Mine operator in Isan threatens to sue high school student

Mine operator in Isan threatens to sue high school student

A gold mine company threatened to sue a high school student, who reported about environmental effects of the mining activities in Isan, Thailand’s northeast.

On 4 September 2015, Suphab Prommanee, a village chief of Phutapfah Pattana Village in Khao Luang Sub-district, Wang Saphung District, of the Isan province of Loei, summoned Wanpen Khunna, a grade 10 student from Sri Songkram School and her family for a talk at his house on 6 September 2015.

At the village chief house, on 6 September, the high school student and her family found themselves being inquired by representatives of Tungkam Co. Ltd., a gold mine company operating in the district, and the officers from the sub-district administration.

The company representatives asked if Wanpen reported about the environmental effects of the ore mine in the district, when she participated in an environmental youth camp called Hak Ban Hao (Love One’s Village) organised by Thai Volunteer Service (TVS), a Thai NGO, between 28-30 August 2015.

Parts of the camp activities were broadcasted by Thai Public Broadcasting Service (Thai PBS).

According to the mine company, the Thai PBS report on the camp discredits and defames the company because it alleges the company of polluting the local creeks and soil in the district. The company’s representatives said that they will press charges under Article 14 of the 2007 Computer Crime Act and criminal defamation charges against the Thai PBS, organisers of the camp, and the participants.

The representatives, however, added that they do not want to sue children and recommended Wanpen to report to the police that she was forced to report about environmental effects of the mine by the camp organisers.

“We can add in the police report to protect you that you didn’t say it yourself, but they [the organisers] forced you to say it. So, you can protect yourself by saying that you are not involved. At first [we] didn’t know that you are still children,” said the company representative.

The mine operator representative add “the mine [operators do not have the policy to harm children. We don’t want to put children in prison because children are probably not involved. [We] just want you to become witness. If you report this in the police report, you will not become involved, but those people [the organisers and others involved in the camp] will be sued.”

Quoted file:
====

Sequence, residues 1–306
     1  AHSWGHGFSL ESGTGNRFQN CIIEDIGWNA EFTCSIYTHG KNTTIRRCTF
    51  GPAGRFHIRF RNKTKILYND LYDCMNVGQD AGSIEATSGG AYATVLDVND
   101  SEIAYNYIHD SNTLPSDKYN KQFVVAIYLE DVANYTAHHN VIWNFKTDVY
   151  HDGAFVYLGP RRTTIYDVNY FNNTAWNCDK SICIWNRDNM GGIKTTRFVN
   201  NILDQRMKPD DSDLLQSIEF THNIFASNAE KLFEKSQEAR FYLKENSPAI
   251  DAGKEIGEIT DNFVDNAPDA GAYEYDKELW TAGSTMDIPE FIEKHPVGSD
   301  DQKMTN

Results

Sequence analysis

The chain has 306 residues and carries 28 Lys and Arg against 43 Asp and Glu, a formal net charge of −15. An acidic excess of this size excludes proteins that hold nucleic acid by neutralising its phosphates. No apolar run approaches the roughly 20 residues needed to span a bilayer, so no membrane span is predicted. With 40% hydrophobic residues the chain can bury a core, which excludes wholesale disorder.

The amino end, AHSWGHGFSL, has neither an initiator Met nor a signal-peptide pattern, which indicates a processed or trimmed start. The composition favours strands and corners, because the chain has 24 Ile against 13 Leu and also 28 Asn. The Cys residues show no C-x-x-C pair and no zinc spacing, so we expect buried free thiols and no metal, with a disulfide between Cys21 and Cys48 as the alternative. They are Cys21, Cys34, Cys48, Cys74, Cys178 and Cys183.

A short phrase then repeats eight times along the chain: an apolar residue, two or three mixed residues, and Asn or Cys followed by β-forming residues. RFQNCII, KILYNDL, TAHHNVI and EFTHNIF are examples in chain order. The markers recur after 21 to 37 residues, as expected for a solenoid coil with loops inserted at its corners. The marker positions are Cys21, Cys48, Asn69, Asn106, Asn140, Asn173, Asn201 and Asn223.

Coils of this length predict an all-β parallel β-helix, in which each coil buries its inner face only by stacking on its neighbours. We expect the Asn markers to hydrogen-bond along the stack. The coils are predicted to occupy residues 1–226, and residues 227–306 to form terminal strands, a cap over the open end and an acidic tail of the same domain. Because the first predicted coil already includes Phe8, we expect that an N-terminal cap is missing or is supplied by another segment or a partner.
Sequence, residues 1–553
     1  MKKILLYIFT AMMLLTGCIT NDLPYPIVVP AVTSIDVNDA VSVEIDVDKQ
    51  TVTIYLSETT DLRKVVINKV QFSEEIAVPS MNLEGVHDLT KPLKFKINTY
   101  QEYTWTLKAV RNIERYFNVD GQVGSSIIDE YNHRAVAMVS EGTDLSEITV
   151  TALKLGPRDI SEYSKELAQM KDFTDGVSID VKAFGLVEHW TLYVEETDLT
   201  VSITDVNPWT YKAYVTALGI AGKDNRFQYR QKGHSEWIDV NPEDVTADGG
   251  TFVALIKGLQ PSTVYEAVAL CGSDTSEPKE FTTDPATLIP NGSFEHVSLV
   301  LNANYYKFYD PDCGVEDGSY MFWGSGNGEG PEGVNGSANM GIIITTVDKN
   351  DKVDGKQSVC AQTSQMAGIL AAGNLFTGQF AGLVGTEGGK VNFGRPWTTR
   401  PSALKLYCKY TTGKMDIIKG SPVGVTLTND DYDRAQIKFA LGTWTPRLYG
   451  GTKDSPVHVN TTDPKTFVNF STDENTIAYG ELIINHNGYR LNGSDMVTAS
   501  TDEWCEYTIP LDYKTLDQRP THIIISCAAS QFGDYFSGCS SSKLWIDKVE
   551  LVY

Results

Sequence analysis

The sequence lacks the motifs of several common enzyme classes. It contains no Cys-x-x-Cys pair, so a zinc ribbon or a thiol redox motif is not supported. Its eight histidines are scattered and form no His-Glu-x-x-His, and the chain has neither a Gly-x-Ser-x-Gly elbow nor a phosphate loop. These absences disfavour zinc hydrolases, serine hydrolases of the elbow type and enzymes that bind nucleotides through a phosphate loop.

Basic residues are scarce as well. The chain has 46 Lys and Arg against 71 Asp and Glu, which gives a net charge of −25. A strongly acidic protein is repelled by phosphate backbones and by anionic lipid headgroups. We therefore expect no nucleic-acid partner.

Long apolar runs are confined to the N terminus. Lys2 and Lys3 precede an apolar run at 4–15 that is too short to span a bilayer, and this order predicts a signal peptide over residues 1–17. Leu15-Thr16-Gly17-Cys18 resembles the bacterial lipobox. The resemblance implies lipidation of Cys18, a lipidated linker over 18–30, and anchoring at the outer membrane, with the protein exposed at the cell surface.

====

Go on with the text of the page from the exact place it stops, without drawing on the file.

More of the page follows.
Wanpen reported that she was frightened and scared when she heard of the possibility that she might be sued by the company, but she will not report to the police what the company recommended.

When informed about legal threats against Wanpen, TVS, the organisers of the camp, said that they believe that they have done nothing wrong in organising the camp and will fight to prove their innocence. TVS added that they would understand if Wanpen and her family choose to do what the company asked to protect themselves.

Last month, the military officers in Loei attempted to prevent Hak Ban Hao environmental youth camp in Wang Saphung from taking place, claiming to the organisers that it might affect national security and violate 2015 Public Assembly Act.

However, through much struggle, the organisers were able to organise the camp, but it was closely monitored by the military officers.

The conflict between the Wang Saphung villagers and Tungkam Co. Ltd., a gold mining company which won the state contract the mine the area, has been protracted for many years.

The villagers founded Khon Rak Baan Koed Group (KRBK), translated as ‘People Who Love Their Home’, to campaign against the mining activities, claiming that they have suffered numerous environmental problems.

According to the group, about 3,700 villagers from 1,000 families have suffered health problems from drinking the water from the area’s creeks. Nonetheless, the company said that the claims were false.

The tension between villagers and the mine operator reached its peak in September 2013 when the villagers barricaded the mine entrance, blocking trucks, each of which normally carries 15 tons of cyanide waste, from passing through the area.

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